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Europeans seeking to ensure vaccine stocks

By JULIAN SHEA in London | China Daily | Updated: 2021-03-09 10:01

A volunteer receives a dose of CureVac vaccine or a placebo during a study by the German biotech firm CureVac as part of a testing for a new vaccine against the coronavirus disease (COVID-19), in Brussels on March 2, 2021. [Photo/Agencies]

Amid delays in EU rollout, talks with US focus on delivery of shots, source says

The European Union was believed to be seeking to ensure the delivery of contracted supplies of a COVID-19 vaccine from the United States as the bloc attempts to make up for shortfalls in supply and rejuvenate its faltering vaccine program.

The EU's Internal Market Commissioner Thierry Breton-Brussels' pointman on vaccine production-was due to confer with White House COVID-19 coordinator Jeffrey Zients on Monday, a source familiar with the talks told Agence France-Presse.

The agenda was believed to include discussion over the export from the US of the vaccine from AstraZeneca.

The European Commission insisted on vaccination requisition and administration for the 27-member bloc being centralized, but has been heavily criticized for the lack of progress made.

The EU has pointed the finger of blame for the delays at the Anglo-Swedish pharmaceutical company, saying production problems have delayed the supply of 300 million doses, ordered in June last year. The company is on course to deliver just 40 percent of the expected allocation in the first three months of 2021.

In addition to doses of the finished vaccine, the EU is also keen to keep up supplies of ingredients from the US required for its own vaccine-making facilities.

"We trust that we can work together with the US to ensure that vaccines produced or bottled in the US for the fulfillment of vaccine producers' contractual obligations with the EU will be fully honored," a commission representative said.

The administration of US President Joe Biden is widely regarded as being far more sympathetic to Europe than Biden's predecessor Donald Trump. Last week, he spoke to European Commission President Ursula von der Leyen on working together to manage the pandemic.

As a result, Breton will be working with Zients on matters relating to the supply chain.

'Sense of normality'

Elsewhere in the world, British children are gearing up to return to school on Monday after a two-month closure, part of what Prime Minister Boris Johnson said was a plan to get the country to "start moving closer to a sense of normality".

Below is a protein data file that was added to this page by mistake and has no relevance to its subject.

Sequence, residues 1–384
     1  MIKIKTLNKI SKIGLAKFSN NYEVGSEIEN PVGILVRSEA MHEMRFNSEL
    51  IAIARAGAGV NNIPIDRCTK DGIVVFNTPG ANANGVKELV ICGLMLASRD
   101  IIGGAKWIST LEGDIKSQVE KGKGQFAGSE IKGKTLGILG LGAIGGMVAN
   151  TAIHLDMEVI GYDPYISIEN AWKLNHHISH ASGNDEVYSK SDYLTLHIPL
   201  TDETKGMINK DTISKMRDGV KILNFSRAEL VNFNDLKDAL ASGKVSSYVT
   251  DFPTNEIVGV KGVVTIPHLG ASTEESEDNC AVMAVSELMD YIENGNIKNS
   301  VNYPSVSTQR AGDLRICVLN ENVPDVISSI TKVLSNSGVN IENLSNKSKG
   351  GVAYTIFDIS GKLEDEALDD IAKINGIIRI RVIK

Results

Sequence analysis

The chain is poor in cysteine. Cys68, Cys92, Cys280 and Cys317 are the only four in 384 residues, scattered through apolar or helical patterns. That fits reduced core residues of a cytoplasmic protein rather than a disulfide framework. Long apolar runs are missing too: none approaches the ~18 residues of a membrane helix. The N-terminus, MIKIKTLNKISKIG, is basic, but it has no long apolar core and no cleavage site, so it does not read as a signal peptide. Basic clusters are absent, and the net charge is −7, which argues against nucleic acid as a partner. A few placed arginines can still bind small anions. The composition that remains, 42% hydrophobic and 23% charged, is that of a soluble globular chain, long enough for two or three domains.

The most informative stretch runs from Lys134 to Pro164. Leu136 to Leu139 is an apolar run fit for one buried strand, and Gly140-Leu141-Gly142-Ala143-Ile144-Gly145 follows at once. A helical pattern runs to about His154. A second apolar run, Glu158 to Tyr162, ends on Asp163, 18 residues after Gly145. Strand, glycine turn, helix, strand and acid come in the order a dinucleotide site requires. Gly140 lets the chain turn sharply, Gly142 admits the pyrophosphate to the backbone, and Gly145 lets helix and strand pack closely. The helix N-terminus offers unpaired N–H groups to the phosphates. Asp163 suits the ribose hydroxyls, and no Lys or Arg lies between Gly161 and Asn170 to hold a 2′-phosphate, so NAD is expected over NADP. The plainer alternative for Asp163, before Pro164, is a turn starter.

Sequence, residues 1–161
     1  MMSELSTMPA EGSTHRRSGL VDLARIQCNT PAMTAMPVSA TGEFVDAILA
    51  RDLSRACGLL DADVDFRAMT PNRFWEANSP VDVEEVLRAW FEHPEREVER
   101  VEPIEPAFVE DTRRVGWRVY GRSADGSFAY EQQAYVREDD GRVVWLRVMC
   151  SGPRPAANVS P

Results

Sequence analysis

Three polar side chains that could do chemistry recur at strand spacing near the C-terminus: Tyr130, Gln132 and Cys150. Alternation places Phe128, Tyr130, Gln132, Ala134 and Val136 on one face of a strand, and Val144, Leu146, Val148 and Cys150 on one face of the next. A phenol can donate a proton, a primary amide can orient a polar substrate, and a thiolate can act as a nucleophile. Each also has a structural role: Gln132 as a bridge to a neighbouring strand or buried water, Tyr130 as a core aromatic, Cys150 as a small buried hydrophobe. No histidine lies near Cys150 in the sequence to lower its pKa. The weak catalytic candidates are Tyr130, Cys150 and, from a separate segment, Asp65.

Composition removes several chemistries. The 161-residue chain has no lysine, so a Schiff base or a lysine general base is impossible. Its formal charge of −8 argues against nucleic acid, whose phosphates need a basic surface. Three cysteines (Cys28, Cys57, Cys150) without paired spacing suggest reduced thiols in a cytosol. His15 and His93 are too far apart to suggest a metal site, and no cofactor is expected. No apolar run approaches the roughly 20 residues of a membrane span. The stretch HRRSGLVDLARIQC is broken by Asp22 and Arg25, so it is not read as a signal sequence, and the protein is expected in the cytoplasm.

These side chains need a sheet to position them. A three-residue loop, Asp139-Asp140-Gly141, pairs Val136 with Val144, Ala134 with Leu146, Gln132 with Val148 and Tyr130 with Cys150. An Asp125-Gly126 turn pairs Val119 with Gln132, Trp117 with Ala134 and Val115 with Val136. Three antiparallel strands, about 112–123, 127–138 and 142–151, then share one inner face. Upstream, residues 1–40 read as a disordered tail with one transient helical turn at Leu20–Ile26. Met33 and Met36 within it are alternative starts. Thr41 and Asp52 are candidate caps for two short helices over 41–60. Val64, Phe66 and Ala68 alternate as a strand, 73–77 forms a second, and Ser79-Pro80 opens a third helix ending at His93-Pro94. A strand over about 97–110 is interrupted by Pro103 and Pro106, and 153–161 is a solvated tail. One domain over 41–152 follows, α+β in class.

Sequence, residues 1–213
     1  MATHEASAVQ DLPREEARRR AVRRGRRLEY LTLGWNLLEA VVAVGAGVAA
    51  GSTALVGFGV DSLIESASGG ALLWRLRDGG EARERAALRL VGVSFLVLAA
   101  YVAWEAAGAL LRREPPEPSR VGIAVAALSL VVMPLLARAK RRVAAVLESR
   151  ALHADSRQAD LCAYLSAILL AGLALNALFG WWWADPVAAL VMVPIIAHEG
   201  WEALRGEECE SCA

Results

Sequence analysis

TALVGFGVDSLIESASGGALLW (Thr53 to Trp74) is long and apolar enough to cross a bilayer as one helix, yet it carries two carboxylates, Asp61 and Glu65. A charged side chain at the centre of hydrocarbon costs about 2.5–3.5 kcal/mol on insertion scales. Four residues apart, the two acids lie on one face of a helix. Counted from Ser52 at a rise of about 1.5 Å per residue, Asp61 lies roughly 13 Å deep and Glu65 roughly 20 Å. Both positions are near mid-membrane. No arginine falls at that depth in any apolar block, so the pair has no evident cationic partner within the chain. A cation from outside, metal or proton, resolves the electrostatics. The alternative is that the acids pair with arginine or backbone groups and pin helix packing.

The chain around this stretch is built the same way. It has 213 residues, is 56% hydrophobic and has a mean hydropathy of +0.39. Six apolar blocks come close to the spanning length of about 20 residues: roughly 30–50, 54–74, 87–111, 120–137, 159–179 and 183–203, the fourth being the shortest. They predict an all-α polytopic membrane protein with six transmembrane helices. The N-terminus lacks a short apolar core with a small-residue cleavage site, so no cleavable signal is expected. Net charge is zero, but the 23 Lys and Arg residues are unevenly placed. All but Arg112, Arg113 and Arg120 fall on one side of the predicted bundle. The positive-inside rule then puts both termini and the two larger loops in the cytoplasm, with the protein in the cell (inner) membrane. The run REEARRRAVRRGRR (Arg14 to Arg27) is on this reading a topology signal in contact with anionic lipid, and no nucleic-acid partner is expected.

As part of the plan, millions of high school and college students coming back to UK classrooms will be tested for the first few weeks. Authorities want to quickly detect and isolate asymptomatic cases in order to avoid sending entire schools home.

"We are being cautious in our approach so that we do not undo the progress we have made so far," Johnson said as he urged people to get vaccinated.

In the Middle East, Syrian President Bashar al-Assad and his wife have tested positive for the coronavirus, the president's office said on Monday, with both having mild symptoms of the illness.

In a statement, Assad's office said that Assad, 55, and his wife Asma will return to work after spending two to three weeks in isolation in their home.

Both were in "good health and in stable condition," it added.

Israel reopened most of its economy on Sunday as it removed many of the remaining coronavirus lockdown restrictions, thanks to its successful vaccination campaign.

The easing of restrictions comes after months of government-imposed shutdowns.

Bars and restaurants, event halls, sporting events, hotels and all primary and secondary schools that had been closed for months were permitted to reopen on Sunday. Some restrictions remained on crowd sizes, and certain places were open to the vaccinated only.

The government of Israeli Prime Minister Benjamin Netanyahu approved the easing of limitations on Saturday night, including the reopening of the main international airport to a limited number of people each day.

Liu Xuan in Beijing and agencies contributed to this story.

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